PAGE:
Conversation Class Lesson Summary
Language Resident Name:
Day and Date:
Week 1, second class, Fall 2020
Language and Level (intermediate or advanced class):
Class theme/topics discussed:
Getting to know each other #2
How did you structure the class?
Use a very short poll to start your class, eg:
- What’s the strangest thing you did while attending an online meeting? (Multiple choice)
- Ate breakfast
- Wore pajamas
- Brushed my teeth
- Cooked lunch/dinner
- Watched Netflix
- Other but my lips are sealed
- What’s your best personal remote work hack? (Open text)
- In one word, how are you feeling right now?
Activity 1 – Interviewing each other
- Pair up participants in twos.
- Give them a list of questions to ask each other.
- Ask each pair to interview each other, either via email or in breakout rooms.
- When all the participants convene together in the same virtual room, each participant will introduce the participant they interviewed.
Activity 2 – Thumbs-Up or Thumbs-Down?
- Students should choose a view that allows the entire class to be seen at once. They can also use a voting function if one is available in the virtual tool. Students take turns stating something they like/dislike or something they’ve done. For example, “I like shrimp.” or “I’ve visited Washington, DC.” Classmates indicate their similarity or difference with the person by showing a thumbs-up or a thumbs-down (or by using the voting function).
- To personalize the activity even more, challenge students to offer an activity or accomplishment that they think is rare or unique about themselves, and see if anyone shares it. For example, “I cleaned out my refrigerator last night.” or “I was born on February 29.”
Activity 3 – ‘One Random Object’ Virtual Training Activity
- Ask a student to pick one random object that is in their room and not tell anyone what it is.
- Explain that the other participants will have to guess what it is, by asking questions that require a yes or no answer.
Online tools you can use:
You could use a chat board for this, but it is not necessary. You could just run the activity by speaking and maybe use a virtual board to record the scores.
Activity 4 – ‘Take a Picture of Something’ Class Activity
- Ask participants to take a picture of something.
- Typically, you choose a specific theme. For example, ask participants to take a picture of their shoes, or a picture of something that is on their workstation or the view outside their window.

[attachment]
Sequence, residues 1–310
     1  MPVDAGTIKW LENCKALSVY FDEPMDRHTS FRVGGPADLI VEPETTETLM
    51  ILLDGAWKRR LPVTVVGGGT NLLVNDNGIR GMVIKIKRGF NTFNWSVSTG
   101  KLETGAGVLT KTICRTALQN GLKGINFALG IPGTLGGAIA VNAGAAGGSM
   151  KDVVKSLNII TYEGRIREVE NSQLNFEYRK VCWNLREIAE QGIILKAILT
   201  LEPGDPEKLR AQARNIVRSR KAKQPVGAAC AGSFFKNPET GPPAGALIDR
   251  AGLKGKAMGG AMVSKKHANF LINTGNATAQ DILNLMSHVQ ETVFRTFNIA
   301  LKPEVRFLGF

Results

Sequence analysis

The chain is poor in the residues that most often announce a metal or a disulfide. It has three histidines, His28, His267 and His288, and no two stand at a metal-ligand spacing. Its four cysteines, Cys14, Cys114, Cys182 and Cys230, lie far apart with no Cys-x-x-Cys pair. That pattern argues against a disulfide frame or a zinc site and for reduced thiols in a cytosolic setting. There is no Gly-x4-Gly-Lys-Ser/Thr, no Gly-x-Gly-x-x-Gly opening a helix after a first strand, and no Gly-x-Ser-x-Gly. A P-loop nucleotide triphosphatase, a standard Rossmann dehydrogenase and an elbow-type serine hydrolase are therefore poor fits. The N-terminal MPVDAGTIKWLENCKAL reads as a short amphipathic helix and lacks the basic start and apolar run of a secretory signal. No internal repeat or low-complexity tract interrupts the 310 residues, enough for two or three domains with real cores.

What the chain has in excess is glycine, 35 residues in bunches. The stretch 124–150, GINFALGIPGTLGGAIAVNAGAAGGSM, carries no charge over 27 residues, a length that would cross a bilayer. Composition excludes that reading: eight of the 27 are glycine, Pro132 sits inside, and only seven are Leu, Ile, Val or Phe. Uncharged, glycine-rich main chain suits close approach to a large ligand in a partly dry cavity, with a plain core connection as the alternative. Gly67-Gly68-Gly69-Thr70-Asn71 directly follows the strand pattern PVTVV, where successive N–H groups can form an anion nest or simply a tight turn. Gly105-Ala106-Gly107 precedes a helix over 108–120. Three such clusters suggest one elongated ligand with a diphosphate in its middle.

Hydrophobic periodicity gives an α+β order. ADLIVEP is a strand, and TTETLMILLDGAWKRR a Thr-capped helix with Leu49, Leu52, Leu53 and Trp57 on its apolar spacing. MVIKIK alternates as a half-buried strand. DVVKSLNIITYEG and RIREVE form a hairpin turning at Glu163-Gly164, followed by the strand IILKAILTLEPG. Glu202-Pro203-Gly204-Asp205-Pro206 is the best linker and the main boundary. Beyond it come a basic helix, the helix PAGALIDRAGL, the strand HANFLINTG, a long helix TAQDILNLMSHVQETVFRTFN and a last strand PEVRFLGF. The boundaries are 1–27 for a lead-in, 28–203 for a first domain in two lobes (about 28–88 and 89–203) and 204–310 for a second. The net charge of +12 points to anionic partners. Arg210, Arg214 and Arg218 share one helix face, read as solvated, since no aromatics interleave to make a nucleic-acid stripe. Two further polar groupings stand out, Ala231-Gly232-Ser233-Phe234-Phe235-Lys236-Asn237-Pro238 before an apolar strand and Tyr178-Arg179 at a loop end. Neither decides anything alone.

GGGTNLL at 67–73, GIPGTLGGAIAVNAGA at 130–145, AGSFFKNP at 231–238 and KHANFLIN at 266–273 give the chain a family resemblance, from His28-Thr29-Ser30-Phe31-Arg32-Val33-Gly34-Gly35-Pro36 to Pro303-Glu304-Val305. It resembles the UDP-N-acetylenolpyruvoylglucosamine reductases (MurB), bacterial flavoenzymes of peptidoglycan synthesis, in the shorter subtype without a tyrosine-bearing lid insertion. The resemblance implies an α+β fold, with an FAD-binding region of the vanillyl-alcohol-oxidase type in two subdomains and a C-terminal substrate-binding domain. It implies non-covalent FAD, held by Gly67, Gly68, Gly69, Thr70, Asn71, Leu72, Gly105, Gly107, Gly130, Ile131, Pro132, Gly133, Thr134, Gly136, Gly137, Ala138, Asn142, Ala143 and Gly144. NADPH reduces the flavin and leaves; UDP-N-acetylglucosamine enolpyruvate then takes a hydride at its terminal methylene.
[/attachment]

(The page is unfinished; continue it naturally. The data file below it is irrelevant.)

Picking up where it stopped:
- Remember to ask participants to take the picture and upload it before the training session starts, as otherwise it might take too much time out of the training session if they were to do it in real time.
- Ask participants to share the picture on a virtual board.
- Start a discussion. For example, you could ask why they chose that particular item on their desk, or what they like the most about the view they can see from the window etc.
Online tools you can use
Online whiteboard, chat board, or a shared google doc.
Activity 5 – Find someone who
- To run the activity online, create a 5 by 5 table with interesting facts, one for each box of the table. For example, you could write things such as: speaks more than two languages, has been to Argentina etc. Or, it would be a good idea to tie the facts with the topic of the class.
- Share the file with the table with your participants, either in advance or during the session. You can share by email, through the file-sharing feature of the web conferencing system or with an online sharing tool such as a Google doc. Alternatively, you could do the activity in real-time using a tool such as Padlet.
- Depending on the size of your class, send students into breakout rooms or do it as a whole class. Ask participants to write their name under each of the statements that apply to them.
- Ask them to share the answers and discuss.
Activity 6 – Would you rather
- Send students into breakout rooms in groups of 3/4.
- Send to every room a series of “would you rather question” and ask students to discuss and defend their opinion.
- Shared google doc
- Zoom chat
- Breakout rooms
There are too many activities in the class, but depending on the group, some may work better than others, I think it’s always better to have a variety of activities at hand, and some can also be used to start any other class.
Potential technical difficulties: students may not be able to take a picture, so activity 4 may have to be skipped. Having too many breakout room changes can take a lot of your class time, maximum twice in one lesson should work.